PARIS — GeoEye Inc. is overhauling its commercial business model as it prepares to launch a satellite whose sharpest imagery is beyond the reach of the company’s non-U.S. government customers and regional affiliates.

The shift will include giving GeoEye ownership of almost all the imagery produced by the GeoEye-1 satellite, now scheduled for launch in April aboard a Boeing Delta 2 rocket. For the company’s current Ikonos high-resolution spacecraft, regional affiliates in Germany, the United Arab Emirates and Japan have direct access to the satellite and can download imagery and sell it, paying a fee to GeoEye Inc.

Under current U.S. regulations, GeoEye-1’s highest-precision imagery – at resolutions of 41 centimeters in black-and-white mode and 1.64 meters in color – cannot be distributed to anyone except the U.S. government.

U.S. regulations say imagery at resolutions sharper than 50 centimeters in black and white, or 2 meters in color, are reserved for U.S. government customers.

GeoEye spokesman Mark Brender said U.S. regulatory authorities in June dropped a rule that required a 24-hour delay in delivery to non-U.S. government customers of images sharper than 82 centimeters in black and white and 3.2 meters in color.

To compensate for the fact that its regional affiliates will be unable to send orders to the GeoEye-1 satellite and receive imagery directly, GeoEye will own or lease new ground stations to be located in northern Alaska, Norway and Antarctica, Brender said. The ground stations in Norway and Antarctica will be leased through Kongsberg Satellite Services AS of Norway.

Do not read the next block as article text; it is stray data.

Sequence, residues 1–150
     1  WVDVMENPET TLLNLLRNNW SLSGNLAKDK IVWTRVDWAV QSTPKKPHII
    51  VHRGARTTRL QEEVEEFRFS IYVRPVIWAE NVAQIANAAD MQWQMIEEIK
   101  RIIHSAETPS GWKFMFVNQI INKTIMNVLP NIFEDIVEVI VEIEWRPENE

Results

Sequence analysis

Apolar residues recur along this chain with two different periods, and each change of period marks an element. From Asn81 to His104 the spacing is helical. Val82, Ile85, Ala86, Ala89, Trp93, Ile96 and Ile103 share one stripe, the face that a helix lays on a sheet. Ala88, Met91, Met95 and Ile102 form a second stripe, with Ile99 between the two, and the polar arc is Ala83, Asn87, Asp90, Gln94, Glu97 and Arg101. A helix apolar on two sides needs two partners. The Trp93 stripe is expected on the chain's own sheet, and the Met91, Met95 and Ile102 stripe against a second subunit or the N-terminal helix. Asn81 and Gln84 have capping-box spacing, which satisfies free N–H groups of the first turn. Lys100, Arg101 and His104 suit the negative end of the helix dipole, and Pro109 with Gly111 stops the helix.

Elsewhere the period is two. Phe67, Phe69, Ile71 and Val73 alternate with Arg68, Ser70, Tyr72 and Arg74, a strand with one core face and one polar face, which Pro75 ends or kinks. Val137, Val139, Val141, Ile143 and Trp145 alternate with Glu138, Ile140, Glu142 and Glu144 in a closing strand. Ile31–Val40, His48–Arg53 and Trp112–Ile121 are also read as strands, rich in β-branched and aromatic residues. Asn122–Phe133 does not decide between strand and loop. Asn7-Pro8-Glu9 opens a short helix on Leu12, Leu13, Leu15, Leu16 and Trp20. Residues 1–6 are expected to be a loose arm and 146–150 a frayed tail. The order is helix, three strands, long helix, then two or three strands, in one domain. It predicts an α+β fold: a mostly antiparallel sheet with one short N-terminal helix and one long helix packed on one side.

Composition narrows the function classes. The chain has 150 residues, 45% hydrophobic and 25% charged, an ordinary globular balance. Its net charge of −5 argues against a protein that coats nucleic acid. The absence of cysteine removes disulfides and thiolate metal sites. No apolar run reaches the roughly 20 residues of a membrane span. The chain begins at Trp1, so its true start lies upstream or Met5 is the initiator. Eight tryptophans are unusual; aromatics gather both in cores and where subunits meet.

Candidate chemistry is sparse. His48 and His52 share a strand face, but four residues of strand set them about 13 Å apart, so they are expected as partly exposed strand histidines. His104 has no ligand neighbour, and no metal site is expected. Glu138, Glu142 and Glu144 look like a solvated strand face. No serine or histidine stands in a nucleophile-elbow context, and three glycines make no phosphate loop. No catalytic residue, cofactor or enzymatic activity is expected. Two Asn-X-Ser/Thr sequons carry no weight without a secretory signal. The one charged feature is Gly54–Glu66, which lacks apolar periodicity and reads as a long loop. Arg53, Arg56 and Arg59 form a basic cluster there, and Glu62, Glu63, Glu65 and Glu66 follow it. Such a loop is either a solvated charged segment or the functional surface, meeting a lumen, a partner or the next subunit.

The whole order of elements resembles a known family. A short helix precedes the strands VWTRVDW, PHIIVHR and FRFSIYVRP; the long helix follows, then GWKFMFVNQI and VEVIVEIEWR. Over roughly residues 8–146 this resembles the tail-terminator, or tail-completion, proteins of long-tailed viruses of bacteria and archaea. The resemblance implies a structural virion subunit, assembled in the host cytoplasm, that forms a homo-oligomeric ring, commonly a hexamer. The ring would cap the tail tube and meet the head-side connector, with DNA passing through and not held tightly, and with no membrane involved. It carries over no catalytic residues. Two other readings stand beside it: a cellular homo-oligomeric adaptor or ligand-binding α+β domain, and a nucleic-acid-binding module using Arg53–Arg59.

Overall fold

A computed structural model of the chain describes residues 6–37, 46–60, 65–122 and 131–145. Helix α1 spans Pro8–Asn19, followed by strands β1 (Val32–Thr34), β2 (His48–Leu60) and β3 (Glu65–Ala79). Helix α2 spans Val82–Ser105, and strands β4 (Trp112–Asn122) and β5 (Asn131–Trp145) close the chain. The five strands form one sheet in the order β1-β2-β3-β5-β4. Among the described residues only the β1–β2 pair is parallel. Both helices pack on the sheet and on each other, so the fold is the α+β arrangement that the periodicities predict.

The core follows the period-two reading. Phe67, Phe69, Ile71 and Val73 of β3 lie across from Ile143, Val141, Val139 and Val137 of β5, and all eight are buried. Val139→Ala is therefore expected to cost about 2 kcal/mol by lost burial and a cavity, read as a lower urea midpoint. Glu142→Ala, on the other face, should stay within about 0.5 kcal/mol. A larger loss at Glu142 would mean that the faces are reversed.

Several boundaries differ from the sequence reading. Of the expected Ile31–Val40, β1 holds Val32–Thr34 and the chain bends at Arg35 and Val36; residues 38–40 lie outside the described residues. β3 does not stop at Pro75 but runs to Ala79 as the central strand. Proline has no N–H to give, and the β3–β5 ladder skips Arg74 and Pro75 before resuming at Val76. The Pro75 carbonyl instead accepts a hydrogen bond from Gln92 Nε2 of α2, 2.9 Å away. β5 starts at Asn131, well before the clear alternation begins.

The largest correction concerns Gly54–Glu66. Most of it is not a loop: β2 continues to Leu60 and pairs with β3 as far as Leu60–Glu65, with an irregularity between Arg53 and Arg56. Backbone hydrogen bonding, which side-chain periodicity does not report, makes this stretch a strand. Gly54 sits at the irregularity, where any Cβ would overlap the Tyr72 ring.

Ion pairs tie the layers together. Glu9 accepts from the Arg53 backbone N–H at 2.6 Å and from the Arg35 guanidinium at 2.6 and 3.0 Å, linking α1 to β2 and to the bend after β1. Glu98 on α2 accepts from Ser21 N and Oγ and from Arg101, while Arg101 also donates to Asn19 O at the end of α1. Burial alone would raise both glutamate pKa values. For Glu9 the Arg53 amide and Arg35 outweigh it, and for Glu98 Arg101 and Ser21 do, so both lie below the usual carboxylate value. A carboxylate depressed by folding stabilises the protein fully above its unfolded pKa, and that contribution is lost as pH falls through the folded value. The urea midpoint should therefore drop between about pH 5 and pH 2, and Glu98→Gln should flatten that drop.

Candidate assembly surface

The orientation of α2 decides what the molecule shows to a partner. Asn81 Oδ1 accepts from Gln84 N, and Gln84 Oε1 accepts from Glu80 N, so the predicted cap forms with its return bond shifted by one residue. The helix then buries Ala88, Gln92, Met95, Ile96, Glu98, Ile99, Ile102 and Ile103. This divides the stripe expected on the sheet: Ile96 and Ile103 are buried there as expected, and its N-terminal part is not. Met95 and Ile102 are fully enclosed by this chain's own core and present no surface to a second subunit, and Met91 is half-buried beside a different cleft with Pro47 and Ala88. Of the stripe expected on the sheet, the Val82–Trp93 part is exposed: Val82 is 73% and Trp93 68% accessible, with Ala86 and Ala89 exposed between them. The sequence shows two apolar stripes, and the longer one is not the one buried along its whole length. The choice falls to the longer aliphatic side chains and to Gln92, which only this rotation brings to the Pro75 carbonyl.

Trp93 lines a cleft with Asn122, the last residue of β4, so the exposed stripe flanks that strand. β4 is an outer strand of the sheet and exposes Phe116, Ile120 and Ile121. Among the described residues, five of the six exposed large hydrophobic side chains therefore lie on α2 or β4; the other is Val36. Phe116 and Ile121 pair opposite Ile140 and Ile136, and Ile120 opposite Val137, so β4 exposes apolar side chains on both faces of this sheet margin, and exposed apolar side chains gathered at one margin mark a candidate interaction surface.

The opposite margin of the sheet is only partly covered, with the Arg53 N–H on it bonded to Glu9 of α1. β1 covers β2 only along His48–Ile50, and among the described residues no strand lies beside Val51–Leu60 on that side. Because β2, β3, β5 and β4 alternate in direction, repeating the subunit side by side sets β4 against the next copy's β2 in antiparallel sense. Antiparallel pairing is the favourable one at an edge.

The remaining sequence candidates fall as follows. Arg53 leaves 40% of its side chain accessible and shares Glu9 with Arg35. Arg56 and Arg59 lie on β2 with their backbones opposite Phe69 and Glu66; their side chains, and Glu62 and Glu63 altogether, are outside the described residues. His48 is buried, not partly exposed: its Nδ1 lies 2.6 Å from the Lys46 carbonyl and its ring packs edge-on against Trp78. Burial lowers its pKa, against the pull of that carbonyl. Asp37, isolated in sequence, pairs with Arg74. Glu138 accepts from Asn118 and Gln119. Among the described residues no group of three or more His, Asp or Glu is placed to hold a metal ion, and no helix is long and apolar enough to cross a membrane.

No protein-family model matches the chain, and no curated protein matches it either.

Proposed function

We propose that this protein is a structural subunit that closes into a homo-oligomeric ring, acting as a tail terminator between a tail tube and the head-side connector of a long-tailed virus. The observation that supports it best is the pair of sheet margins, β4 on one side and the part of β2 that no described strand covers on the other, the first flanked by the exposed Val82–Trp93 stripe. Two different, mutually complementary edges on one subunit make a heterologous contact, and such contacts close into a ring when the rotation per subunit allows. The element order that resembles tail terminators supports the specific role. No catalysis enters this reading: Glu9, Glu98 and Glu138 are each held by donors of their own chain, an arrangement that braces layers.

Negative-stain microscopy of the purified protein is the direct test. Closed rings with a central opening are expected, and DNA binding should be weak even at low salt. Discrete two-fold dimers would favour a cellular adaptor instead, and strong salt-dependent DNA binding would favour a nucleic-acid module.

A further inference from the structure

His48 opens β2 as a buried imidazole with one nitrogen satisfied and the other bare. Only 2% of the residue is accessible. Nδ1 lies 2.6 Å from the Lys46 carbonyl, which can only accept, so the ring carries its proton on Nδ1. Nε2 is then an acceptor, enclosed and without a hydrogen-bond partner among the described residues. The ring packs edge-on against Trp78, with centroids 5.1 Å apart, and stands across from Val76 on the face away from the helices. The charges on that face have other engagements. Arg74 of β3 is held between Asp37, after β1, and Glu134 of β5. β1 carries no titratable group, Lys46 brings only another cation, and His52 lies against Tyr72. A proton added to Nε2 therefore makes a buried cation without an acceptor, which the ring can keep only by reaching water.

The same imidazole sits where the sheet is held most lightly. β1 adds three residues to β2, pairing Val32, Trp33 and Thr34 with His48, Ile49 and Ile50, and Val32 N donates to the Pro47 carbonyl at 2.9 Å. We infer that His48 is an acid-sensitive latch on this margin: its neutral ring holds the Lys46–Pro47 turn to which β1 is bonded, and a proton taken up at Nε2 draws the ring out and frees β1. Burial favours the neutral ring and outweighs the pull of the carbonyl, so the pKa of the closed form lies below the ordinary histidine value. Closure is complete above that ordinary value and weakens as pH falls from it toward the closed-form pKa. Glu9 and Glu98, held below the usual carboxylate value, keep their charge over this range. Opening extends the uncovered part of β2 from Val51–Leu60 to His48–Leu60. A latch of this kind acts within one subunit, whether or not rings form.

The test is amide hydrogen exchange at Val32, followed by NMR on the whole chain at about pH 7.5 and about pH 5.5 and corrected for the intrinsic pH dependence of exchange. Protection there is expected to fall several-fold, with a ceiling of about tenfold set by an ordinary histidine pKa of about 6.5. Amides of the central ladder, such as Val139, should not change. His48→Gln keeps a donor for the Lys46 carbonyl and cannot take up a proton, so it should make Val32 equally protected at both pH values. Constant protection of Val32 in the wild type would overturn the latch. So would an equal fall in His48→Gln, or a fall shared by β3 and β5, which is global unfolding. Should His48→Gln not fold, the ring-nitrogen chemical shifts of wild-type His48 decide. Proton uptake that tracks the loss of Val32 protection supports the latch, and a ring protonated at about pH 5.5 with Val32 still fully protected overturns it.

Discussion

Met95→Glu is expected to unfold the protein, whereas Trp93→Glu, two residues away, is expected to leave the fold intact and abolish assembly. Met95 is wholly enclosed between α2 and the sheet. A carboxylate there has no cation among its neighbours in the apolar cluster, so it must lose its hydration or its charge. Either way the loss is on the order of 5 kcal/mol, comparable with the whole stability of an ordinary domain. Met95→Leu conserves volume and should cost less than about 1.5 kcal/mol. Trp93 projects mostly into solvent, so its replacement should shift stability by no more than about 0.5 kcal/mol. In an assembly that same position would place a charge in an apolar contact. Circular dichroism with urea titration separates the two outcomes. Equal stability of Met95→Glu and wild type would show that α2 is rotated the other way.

These facilities will send the raw GeoEye-1 imagery to GeoEye Inc. for processing – meaning degrading the imagery to within U.S. regulatory limits when the customer is not the U.S. government. GeoEye will then forward the imagery to its regional affiliates via land line.

Brender said GeoEye-1 will send data directly to a few international receiving stations owned by allied governments once those governments have been cleared by U.S. authorities. But in these cases, the image-reception station will be equipped with gear that will automatically degrade the imagery to within the 50-centimeter regulatory limit.

GeoEye Chief Executive Matthew M. O’Connell, meanwhile, said the company remains undecided over whether its future GeoEye-2 satellite, now in the early design phase, should be given a very high-resolution capability given the additional costs and shorter on-orbit lifetime associated with that feature.

In a Nov. 6 conference call with investors, O’Connell said GeoEye-2’s specifications will be finalized in 2008 with the selection of a prime contractor. He said it may be a twin of the GeoEye-1. Alternatively, he said it could be given a capacity to detect objects as small as 25 centimeters across.

GeoEye recently ordered the camera for GeoEye-2 from ITT Space Systems of Rochester, N.Y.

Brender said Nov. 8 that providing the higher resolution would mean placing GeoEye-2 in a lower orbit than GeoEye-1 – 450 kilometers instead of 680 kilometers. At the lower orbit, the satellite faces greater atmospheric drag and would need to carry bigger fuel tanks or face a shorter service life than GeoEye-1.